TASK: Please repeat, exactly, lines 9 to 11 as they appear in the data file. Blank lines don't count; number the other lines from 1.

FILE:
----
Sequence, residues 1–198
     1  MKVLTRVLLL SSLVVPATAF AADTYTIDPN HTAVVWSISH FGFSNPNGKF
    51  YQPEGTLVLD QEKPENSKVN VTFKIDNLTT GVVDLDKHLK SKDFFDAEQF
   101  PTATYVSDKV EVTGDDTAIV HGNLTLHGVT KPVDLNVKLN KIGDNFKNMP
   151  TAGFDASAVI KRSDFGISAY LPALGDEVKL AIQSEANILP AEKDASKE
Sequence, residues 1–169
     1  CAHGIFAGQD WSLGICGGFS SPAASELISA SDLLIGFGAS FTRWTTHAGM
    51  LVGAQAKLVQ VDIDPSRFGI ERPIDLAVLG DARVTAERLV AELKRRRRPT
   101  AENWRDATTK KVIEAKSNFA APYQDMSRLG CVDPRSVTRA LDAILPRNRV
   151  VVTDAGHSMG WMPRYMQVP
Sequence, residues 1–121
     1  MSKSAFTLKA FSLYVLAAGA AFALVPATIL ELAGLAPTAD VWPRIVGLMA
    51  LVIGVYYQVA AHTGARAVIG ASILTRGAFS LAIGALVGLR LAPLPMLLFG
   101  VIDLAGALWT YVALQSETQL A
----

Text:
   101  AENWRDATTK KVIEAKSNFA APYQDMSRLG CVDPRSVTRA LDAILPRNRV
   151  VVTDAGHSMG WMPRYMQVP
Sequence, residues 1–121